Olympics: The thrill of victory is thrilling to watch

Like many of you, I’ve enjoyed watching the Olympics from Beijing. Who couldn’t get caught up with watching the wonder of Michael Phelps, with the help of his teammates and supportive mom, win eight gold medals?

What’s even more remarkable is that Phelps doesn’t appear to be particularly “full” of himself. He remains a down-to-earth athlete with exceptional skills who still seems grounded in the real world. That’s a rarity. He deserves whatever comes his way.

That, of course, is in contrast to the wrestler who threw his bronze medal to the ground at the awards ceremony in disgust. Rightly, he was stripped of the medal.

Anyway, we can all enjoy the accomplishments of young people (and a few old ones, too) who have committed their lives to doing their personal best on the athletic fields.

I’ve been a fan of the Olympics for a long time. I don’t have a real sense of the Games in 1960, but I do remember watching on TV the winter games from Innsbruck, Austria, in 1964. Back then, I was just glad to see the images. I wasn’t too concerned about their age.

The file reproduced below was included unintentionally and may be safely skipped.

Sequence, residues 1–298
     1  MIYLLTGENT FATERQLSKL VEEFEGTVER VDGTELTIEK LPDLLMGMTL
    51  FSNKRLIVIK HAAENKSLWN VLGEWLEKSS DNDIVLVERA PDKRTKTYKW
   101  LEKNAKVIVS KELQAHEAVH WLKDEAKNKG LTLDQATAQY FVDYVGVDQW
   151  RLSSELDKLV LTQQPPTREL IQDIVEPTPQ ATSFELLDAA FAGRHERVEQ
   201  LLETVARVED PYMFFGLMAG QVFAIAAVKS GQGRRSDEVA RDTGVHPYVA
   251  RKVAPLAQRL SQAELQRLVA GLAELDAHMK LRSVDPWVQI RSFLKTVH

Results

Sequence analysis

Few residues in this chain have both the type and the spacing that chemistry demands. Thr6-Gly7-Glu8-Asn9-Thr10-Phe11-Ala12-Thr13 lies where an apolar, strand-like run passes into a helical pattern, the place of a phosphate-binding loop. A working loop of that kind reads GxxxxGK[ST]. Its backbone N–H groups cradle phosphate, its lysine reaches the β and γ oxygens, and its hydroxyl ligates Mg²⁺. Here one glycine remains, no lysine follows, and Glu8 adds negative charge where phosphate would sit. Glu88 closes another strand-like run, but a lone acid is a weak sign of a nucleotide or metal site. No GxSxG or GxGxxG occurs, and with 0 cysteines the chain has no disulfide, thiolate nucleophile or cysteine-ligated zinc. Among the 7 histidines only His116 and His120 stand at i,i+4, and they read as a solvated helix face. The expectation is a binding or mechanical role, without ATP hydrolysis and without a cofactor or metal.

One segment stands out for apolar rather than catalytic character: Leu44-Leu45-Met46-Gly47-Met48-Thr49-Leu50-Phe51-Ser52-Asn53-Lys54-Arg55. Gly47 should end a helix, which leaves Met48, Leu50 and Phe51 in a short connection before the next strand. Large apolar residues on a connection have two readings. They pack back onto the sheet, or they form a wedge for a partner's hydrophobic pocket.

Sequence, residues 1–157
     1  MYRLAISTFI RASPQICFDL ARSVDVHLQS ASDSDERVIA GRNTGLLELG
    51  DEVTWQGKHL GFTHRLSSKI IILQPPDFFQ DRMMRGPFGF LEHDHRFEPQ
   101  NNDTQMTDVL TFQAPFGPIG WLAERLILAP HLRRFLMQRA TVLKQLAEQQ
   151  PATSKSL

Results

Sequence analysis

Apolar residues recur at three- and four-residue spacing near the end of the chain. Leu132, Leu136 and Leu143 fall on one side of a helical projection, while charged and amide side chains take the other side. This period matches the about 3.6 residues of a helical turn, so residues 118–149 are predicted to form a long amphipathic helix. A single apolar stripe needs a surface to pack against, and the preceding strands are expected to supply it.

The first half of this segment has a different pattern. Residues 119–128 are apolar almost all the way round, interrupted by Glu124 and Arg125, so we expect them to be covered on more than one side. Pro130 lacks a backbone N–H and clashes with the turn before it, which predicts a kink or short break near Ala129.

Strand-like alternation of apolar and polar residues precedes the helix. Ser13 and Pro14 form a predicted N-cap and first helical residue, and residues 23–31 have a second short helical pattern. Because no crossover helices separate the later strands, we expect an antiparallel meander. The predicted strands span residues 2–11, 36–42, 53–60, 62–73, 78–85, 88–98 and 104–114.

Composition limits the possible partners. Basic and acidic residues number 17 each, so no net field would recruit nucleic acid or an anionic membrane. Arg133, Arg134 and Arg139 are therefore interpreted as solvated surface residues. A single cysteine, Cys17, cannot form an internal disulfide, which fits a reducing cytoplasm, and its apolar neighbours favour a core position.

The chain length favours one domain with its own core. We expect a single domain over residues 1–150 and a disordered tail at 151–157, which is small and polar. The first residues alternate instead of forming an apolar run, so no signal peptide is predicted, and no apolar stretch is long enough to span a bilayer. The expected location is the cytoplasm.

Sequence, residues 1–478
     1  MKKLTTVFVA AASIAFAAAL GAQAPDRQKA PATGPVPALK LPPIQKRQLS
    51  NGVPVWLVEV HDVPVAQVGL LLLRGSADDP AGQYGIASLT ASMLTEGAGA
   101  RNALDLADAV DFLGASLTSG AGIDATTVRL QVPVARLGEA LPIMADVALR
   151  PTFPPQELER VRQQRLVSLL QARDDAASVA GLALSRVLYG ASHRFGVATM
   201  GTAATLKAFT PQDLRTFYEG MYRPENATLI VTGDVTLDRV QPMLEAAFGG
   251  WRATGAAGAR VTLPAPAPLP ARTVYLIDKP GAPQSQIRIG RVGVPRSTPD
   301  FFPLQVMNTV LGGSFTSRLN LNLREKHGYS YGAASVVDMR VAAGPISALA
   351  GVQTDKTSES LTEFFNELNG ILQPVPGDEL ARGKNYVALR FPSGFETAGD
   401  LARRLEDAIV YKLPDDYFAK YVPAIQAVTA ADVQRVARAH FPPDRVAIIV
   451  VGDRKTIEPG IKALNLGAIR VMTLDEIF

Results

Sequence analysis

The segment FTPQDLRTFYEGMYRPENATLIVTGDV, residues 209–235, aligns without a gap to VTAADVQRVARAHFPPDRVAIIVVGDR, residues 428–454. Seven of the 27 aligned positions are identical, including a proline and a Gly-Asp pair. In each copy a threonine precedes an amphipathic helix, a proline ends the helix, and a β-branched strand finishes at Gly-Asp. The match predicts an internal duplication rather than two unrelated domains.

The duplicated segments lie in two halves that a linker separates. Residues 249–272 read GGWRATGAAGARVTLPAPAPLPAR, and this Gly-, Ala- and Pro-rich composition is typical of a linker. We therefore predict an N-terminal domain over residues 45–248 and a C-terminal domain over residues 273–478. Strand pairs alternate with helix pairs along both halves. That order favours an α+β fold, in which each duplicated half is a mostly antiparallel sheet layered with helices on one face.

In two years, the Winter Olympics come to Vancouver, B.C., right in our backyard. And, more importantly, right in the same time zone. Let’s see if NBC does a better job of airing those games on the West Coast in real time.

That reminds me, school is about to start. Another chance to cheer our young athletes to do their personal bests.

• I wanted to share, too, something else my family did last weekend. The Radford family held its reunion at what’s appropriately called Heritage Park in the Highlands. What a wonderful setting, with plenty to do for the youngest in the crowd (not too many these days, at least right now) on up to those who can use a little exercise. I’ll admit I didn’t take part.

I shared a story with my brother Bill, who WAS the basketball star at Foster High School in Tukwila and then at the University of Puget Sound in Tacoma. Somehow, the story got started at that bastion of community lore, Jet City Espresso, that I was a basketball player. Nothing is further from the truth. (I will admit I was editor of the student newspaper, The Growler. But that feat usually doesn’t get much press.)

Just wanted to set that record straight.

Dean A. Radford can be reached at 425-255-3484, ext. 5050, or at dean.radford@rentonreporter.com.